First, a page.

The U.S. government has a $52.6 billion “black budget” to operate its massive surveillance assets, according to new documents leaked by National Security Agency whistle-blower Edward Snowden.
The documents, which were publicized in an article by The Washington Times, reveal that the Central Intelligence Agency (CIA), the National Security Agency (NSA) and National Reconnaissance Office (NRO) receive about two-thirds of the massive budget.
The paper also reports that CIA and NSA budgets have increased by over 50 percent each since 2004.
Here are some key takeaways from the Post piece:
•Spending by the CIA has surged past that of every other spy agency, with $14.7 billion in requested funding for 2013. The figure vastly exceeds outside estimates and is nearly 50 percent above that of the National Security Agency, which conducts eavesdropping operations and has long been considered the behemoth of the community.
•The CIA and the NSA have begun aggressive new efforts to hack into foreign computer networks to steal information or sabotage enemy systems, embracing what the budget refers to as “offensive cyber-operations.”
•The NSA planned to investigate at least 4,000 possible insider threats in 2013, cases in which the agency suspected sensitive information may have been compromised by one of its own. The budget documents show that long before Snowden’s leaks, the U.S. intelligence community worried about “anomalous behavior” by personnel with access to highly classified material.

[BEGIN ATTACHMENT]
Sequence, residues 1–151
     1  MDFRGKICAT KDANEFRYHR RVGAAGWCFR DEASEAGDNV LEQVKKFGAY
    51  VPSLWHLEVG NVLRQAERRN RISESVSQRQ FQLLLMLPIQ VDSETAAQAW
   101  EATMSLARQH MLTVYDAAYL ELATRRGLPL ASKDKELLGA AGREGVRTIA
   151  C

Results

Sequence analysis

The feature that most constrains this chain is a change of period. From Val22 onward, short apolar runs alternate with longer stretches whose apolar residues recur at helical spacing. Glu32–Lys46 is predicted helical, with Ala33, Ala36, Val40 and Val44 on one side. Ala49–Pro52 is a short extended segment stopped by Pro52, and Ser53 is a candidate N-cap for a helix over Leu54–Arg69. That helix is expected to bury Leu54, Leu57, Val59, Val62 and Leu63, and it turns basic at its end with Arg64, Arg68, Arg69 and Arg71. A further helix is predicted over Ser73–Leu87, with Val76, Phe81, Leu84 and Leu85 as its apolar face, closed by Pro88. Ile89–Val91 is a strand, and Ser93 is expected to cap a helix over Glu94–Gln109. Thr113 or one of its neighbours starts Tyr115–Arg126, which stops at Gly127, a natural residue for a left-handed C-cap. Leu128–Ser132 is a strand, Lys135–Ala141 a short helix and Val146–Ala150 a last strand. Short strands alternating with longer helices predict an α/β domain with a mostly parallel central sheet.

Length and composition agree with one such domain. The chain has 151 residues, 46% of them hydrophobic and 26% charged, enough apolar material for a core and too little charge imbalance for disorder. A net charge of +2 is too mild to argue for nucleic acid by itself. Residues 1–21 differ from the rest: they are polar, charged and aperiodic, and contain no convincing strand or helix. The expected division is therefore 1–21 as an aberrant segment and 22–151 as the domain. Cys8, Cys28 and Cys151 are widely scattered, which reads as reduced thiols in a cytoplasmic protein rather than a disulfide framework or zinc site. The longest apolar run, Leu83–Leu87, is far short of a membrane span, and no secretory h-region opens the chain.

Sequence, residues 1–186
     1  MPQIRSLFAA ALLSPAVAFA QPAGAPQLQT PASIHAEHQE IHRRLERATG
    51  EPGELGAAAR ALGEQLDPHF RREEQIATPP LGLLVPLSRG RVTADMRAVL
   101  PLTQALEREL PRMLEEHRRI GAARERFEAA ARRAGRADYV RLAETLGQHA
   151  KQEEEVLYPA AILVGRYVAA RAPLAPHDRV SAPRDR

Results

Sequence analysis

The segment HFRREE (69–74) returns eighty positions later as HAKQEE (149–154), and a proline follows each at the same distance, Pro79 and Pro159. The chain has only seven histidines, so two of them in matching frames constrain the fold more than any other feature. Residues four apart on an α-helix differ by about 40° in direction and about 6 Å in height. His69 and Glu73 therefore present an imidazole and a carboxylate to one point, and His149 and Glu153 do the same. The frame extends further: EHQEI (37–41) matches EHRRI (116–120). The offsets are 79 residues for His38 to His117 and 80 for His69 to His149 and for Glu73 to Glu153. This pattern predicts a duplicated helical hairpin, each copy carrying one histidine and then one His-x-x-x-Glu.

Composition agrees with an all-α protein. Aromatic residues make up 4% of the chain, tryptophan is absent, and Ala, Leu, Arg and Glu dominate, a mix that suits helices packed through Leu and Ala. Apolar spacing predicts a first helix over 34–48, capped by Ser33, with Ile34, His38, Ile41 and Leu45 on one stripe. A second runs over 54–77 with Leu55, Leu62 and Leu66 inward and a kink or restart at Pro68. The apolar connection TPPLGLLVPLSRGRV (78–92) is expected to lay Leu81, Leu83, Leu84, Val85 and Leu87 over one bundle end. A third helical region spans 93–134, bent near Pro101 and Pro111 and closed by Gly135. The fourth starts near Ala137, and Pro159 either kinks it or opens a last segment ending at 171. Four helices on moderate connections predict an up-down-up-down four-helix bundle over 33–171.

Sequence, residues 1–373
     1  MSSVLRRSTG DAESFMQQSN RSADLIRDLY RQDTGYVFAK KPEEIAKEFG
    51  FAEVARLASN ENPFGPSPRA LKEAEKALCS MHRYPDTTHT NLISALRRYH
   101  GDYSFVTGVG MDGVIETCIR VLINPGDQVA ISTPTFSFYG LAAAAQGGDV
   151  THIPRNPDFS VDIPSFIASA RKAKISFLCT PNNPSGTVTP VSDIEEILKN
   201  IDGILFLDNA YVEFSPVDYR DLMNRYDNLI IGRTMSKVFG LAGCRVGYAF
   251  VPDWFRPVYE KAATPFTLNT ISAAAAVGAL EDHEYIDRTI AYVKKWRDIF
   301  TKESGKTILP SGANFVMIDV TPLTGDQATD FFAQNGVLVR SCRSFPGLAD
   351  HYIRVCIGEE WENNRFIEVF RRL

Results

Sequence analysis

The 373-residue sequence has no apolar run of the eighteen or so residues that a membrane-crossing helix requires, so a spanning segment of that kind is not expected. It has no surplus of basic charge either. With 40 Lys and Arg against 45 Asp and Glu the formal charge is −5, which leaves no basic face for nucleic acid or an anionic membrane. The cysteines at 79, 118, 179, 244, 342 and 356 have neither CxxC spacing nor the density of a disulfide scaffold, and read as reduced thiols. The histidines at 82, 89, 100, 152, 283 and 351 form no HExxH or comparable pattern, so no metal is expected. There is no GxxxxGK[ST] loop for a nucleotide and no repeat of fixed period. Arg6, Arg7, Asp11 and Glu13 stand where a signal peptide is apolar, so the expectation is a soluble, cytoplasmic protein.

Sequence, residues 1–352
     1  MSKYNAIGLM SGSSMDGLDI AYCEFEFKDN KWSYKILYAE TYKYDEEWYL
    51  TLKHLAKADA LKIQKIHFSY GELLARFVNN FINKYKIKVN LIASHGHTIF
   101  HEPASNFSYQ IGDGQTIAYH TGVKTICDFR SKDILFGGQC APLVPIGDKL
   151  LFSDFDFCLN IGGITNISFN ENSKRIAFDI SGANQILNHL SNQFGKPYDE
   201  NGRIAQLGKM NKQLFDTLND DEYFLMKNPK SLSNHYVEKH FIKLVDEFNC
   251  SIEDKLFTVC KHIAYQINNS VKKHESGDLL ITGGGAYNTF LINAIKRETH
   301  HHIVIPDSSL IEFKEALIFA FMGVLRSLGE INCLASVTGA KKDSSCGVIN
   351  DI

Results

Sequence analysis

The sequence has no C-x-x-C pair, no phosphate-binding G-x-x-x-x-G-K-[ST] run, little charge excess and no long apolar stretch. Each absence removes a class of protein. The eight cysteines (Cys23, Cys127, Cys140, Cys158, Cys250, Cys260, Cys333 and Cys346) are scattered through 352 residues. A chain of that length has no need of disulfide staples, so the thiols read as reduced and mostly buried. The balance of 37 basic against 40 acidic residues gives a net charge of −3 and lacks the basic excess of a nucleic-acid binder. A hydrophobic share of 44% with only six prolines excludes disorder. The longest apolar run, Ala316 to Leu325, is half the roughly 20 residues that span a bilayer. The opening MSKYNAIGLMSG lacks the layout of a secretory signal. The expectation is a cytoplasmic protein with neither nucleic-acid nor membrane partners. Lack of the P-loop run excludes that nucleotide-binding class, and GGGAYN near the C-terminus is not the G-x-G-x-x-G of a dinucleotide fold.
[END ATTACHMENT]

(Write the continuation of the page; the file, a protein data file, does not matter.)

•U.S. intelligence officials take an active interest in foes as well as friends. Pakistan is described in detail as an “intractable target,” and counterintelligence operations “are strategically focused against [the] priority targets of China, Russia, Iran, Cuba and Israel.” The latter is a U.S. ally but has a history of espionage attempts against the United States.
•In words, deeds and dollars, intelligence agencies remain fixed on terrorism as the gravest threat to national security, which is listed first among five “mission objectives.” Counterterrorism programs employ one in four members of the intelligence workforce and account for one-third of all spending.
•The governments of Iran, China and Russia are difficult to penetrate, but North Korea’s may be the most opaque. There are five “critical” gaps in U.S. intelligence about Pyongyang’s nuclear and missile programs, and analysts know virtually nothing about the intentions of North Korean leader Kim Jong Un.
The budget leak also reveals that the United States has spent more than $500 billion on intelligence since the 9/11 terror attacks.